did not increase with the performance of multiple rather than
single nonhabits (t 1), or with the performance of combinations
of habits and nonhabits that involved only one nonhabit rather than
multiple nonhabits (t 1). Thus, even though performing a single
nonhabitual behavior was associated with changes in emotional
intensity, emotions did not shift further with the performance of
additional nonhabits.
As anticipated, analyses revealed that performance of habits
simultaneously with other behaviors was not associated with in-
creased emotional intensity. That is, emotional intensity did not
increase with the performance of multiple rather than single habits
(t 1), or with the performance of combinations of habits and
nonhabits rather than only nonhabits (t 1.5).
In summary, behaviors performed habitually were associated
with lesser change in emotional intensity than behaviors performed
nonhabitually. This effect might arise from habituation processes,
given that emotional intensity generally decreases with increasing
exposure to a stimulus (Frijda, 1988). It also might emerge because
performance of habits is associated with few arousal-inducing
interruptions that form the basis for emotional experiences
(Mandler, 1975). And this effect also is consistent with our rea-
soning from Carver and Scheiers (1999) theory of self-control, in
that people may not be aware of emotion-inducing discrepancies
between behaviors and personal goals when they perform behav-
iors habitually.
Source of Emotion
Study 1. To evaluate whether the source of participantsemo-
tions varied with the mode of behavior performance, we aggre-
gated these dichotomous variables to yield percentage data that
were independent at the level of the individual, following the
strategy used to analyze thoughtbehavior correspondence. A
Source of Emotions (actions vs. thoughts) Mode of Performance
(habit vs. nonhabit) repeated measures ANOVA revealed a mar-
ginally significant interaction, F(1, 57) 3.62, MSE .16, p
.06. Simple main effect analyses revealed that when performing
nonhabits, participants were more likely to identify the source of
their emotions to be their actions (43%) rather than their thoughts
(30%), t(56) 2.16, p .05. However, when performing habits,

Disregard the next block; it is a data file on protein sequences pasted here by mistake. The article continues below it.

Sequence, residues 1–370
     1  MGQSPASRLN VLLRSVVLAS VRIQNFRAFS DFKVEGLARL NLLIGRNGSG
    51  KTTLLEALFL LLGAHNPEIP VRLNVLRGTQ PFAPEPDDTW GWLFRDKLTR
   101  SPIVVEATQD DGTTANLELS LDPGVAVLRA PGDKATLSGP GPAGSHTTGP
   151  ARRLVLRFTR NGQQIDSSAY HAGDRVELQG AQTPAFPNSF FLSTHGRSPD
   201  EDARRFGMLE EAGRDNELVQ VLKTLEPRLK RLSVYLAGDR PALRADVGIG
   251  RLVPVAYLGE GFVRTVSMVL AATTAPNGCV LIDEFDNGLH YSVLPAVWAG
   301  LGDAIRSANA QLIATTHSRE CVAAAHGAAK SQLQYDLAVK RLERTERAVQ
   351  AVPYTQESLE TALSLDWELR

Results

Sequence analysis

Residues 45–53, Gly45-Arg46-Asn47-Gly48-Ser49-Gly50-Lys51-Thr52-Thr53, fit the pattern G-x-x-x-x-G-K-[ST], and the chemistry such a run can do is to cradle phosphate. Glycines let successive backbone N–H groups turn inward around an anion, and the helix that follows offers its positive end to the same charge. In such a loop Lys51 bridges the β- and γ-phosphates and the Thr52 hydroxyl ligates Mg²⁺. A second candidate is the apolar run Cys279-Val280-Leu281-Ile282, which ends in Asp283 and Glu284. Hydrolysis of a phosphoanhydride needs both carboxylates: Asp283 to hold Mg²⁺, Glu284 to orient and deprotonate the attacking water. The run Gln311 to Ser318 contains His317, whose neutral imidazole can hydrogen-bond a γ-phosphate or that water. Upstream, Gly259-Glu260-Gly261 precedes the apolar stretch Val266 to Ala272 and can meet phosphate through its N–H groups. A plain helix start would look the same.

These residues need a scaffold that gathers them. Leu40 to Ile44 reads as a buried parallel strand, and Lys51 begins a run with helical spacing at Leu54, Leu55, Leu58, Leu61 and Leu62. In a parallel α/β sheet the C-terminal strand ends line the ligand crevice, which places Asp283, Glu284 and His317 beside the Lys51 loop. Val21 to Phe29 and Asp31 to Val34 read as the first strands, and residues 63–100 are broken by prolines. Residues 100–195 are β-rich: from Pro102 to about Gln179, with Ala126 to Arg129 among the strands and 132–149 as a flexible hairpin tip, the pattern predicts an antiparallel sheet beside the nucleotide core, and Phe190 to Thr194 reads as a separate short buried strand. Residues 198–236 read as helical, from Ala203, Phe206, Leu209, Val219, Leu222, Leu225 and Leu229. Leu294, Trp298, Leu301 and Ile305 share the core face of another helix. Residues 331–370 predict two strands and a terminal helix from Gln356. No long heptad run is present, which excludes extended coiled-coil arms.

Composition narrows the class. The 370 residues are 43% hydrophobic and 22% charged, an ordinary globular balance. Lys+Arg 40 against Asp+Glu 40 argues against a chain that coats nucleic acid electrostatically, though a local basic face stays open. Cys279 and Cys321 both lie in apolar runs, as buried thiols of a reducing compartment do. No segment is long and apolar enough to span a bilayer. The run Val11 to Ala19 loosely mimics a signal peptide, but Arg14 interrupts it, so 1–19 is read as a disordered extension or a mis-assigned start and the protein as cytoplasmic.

this pattern did not emerge, and instead participants showed a
nonsignificant tendency to identify the origin of their emotions as
their thoughts (43%) more than their actions (36%, t 1). These
percentages do not sum to 100 because some participants indicated
that their emotions stemmed from both thoughts and behaviors.
Consistent with predictions, then, when compared with nonhabits,
participants emotions during habit performance were slightly
more likely to be associated with their thoughts than with the
behavior itself.
Study 2. We first conducted analyses on diary entries that
reported only single behaviors. A Mode of Performance (habit vs.
nonhabit) Source of Emotions (actions vs. thoughts) repeated
measures ANOVA resulted in a significant main effect for source
of emotions, F(1, 174) 63.09, MSE .26, p .001 (Ms 66%
and 34% for actions and thoughts, respectively), and a significant
interaction, F(1, 174) 11.42, MSE .12, p .001. Although,
in general, participants were more likely to attribute their emotions
to their actions, this tendency was more pronounced for nonhabits
(Ms 65% and 29% for actions and thoughts, respectively),
t(202) 9.50, p .001, than for habits (Ms 59% and 37% for
In the multilevel regression analysis, the number of behaviors per
formed was centered on the grand mean prior to inclusion in the model.
Because other predictors in these analyses were categorical, they were not
centered because the value zero is meaningful and corresponds to one of
the levels of the categorical predictor.
actions and thoughts, respectively), t(175) 4.09, p .001.
Comparable results emerged in analyses on diary entries composed
of multiple behaviors in which all of the behaviors listed were
either habits or nonhabits.
In summary, across both studies the most frequently mentioned
source of emotion was participants behavior. This pattern did not
hold as strongly for habits as nonhabits, and, as we had anticipated,